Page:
"The groundwork of all happiness is health." - Leigh Hunt

Colon cancer in people under 45

Until now, adults aged 50 and over with a median risk of colorectal cancer were required to undergo a colonoscopy.

But in May 2021, the US Preventive Services Task Force updated the rules. A colonoscopy is now required at age 45. However, if there’s a history of colon cancer in your loved ones, you must do that sooner.

Current studies show that the disease is increasing amongst people under 50 years of age.

“We have never “More cases of colon cancer are occurring in people this young. It's the only population, under 50, where this disease is increasing and becoming more deadly, not becoming less common and less deadly,” says Mark Lewis, MD, director of gastrointestinal oncology at Intermountain Healthcare in Utah.

Lewis particularly points out that “women are at higher risk” of developing such a cancer at an early stage.

Colon cancer is the second leading explanation for cancer-related deaths within the United States, and is anticipated to cause roughly 52,000 deaths in 2023. And while colon cancer is trending downward amongst those over 50, the trend is reversed amongst those under 50.

“If you look at the average age of all my patients in my practice, the average age of all my patients with gastrointestinal cancer is 68. And yet one in seven of my patients is a young adult with colon cancer, and I actually see more women than men,” says Lewis.

So what’s causing this rapid increase in cases? Experts don't know obviously. But lifestyle and up to date changes in environmental aspects could play a task.

These may include:

  • Obesity and chubby
  • Lack of exercise
  • Smoke
  • Drinking too many alcoholic beverages
  • Low-fiber diets
  • High-fat diets
  • Eating an excessive amount of processed meat
  • Intestinal bacteria
  • inflammation

According to the National Cancer Institute, people who find themselves obese are 1.3 times more more likely to develop colon cancer.

In the early stages of colon cancer, most individuals don’t experience any noticeable symptoms. But mockingly, the disease is definitely treatable at this stage.

Lewis says you understand your body well, so pay close attention to any “out of proportion” symptoms.

Signs and symptoms of colon cancer may include:

  • A persistent change in your bowel habits, similar to diarrhea, constipation, or a unique consistency of your stool
  • Blood within the stool (rectal bleeding)
  • Stomach pain or discomfort similar to cramps, bloating, feeling of fullness or pain
  • You don't feel like you might have completely emptied your bowels.
  • Weakness or tiredness
  • Unexplained weight reduction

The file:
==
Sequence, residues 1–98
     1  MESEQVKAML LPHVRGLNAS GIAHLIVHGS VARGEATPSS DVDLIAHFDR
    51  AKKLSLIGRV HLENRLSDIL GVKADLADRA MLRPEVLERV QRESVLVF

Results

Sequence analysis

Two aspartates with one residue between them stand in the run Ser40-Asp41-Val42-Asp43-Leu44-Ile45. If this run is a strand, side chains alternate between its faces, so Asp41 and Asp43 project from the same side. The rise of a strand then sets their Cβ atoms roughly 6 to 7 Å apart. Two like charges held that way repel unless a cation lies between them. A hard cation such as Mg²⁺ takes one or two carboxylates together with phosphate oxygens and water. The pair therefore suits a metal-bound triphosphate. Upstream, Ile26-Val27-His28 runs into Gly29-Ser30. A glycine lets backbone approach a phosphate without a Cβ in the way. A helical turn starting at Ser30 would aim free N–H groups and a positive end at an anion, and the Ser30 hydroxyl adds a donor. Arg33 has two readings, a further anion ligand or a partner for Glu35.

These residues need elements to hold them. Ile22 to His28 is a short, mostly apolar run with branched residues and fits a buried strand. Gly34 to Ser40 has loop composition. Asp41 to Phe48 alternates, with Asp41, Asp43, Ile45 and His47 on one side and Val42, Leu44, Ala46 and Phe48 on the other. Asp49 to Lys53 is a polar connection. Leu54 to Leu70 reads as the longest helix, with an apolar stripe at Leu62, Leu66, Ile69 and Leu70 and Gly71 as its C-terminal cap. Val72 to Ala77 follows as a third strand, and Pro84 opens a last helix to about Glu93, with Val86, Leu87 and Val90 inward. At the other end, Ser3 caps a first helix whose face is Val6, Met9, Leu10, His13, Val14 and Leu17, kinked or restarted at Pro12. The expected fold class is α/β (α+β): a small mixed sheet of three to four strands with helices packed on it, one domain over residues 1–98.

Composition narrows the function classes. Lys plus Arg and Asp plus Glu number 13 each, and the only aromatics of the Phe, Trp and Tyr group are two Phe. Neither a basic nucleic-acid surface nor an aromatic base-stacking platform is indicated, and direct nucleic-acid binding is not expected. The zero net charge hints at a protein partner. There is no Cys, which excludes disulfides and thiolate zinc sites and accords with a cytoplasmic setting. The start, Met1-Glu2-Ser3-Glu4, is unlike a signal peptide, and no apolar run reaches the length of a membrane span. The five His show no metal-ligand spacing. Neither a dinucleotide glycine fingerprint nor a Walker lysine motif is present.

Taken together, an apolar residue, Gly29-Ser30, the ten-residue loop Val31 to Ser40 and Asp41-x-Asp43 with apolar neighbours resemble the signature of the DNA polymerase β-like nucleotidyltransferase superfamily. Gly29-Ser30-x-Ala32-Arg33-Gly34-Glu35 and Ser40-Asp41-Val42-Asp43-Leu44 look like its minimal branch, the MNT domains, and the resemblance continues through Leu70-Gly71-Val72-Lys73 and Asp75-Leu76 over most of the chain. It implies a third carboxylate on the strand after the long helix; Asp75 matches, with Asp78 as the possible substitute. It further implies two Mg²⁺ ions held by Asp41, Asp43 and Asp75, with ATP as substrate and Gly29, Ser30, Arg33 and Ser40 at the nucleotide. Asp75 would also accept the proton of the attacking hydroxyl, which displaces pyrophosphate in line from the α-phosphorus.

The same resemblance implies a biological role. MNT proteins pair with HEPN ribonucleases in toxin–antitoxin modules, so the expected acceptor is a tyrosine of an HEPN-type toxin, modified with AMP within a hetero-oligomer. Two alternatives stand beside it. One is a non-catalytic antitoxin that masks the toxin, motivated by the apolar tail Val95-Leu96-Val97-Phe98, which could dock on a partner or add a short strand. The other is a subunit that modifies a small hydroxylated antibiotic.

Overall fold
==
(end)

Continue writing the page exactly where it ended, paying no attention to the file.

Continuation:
Unfortunately, Lewis has to notice that “you are never too young to get cancer,” especially not colon cancer.

If you notice these signs, refer to your doctor as soon as possible. Make note of any patterns you notice. If you might have a family history of colon cancer, be sure you mention this at your doctor's visit.

According to Lewis, any gut symptoms that “don’t seem to fit with what you know about your body and your cycle should be investigated.”

However, he also admits that it is extremely common for doctors to dismiss complaints similar to blood within the stool as “simple hemorrhoids” or, in women, as a “gynecological problem”.

So what are you able to do? Lewis stresses that young adults, especially women, should advocate for themselves.

“First, you are the expert, the content expert on your own body. You know what patterns are abnormal in you and you should seek medical attention for them. Second, you should know your family history. There is definitely a heredity component at play here,” he says.

If there’s a history of colon cancer in your loved ones, your doctor will often calculate the age of the youngest person in your loved ones to have colon cancer and subtract 10 years. This is the perfect age at which you must begin screening for colon cancer.

If you’re at average risk, you must start having an annual colonoscopy at age 45.

There are a couple of things you’ll be able to do to scale back your risk of colorectal cancer. First, get screened when you're eligible or when you notice early signs of colorectal cancer.

A colonoscopy is among the best screening tests available to detect cancer within the bud and stop it from growing or spreading within the colon.

To have such a test, it is advisable to see a colonoscopist. This is generally a gastroenterologist – a colon specialist – or a general surgeon.

During the procedure, a versatile tube with a lighted camera on the tip is inserted into your colon. If a polyp is discovered—a variety of extra piece of tissue that grows inside your body like a skin tag—it’s removed.

“You have interrupted the disease course of the polyp. It cannot become cancer if it is removed from your body,” says Lewis. “So in summary, know yourself, know your family and know what age you should start screening.”

In addition, you must:

  • Eat a balanced food plan with whole foods, vegatables and fruits.
  • Add whole grains and fiber to your meals.
  • Reduce or quit smoking.
  • Find ways to be more physically lively. You can start with regular walks and work your way as much as more difficult exercises.
  • Limit your alcohol consumption.
  • In general, eat less beef and processed foods.
  • Take calcium and vitamin D supplements when you are deficient. Studies have shown that this will likely lower your risk of colon cancer.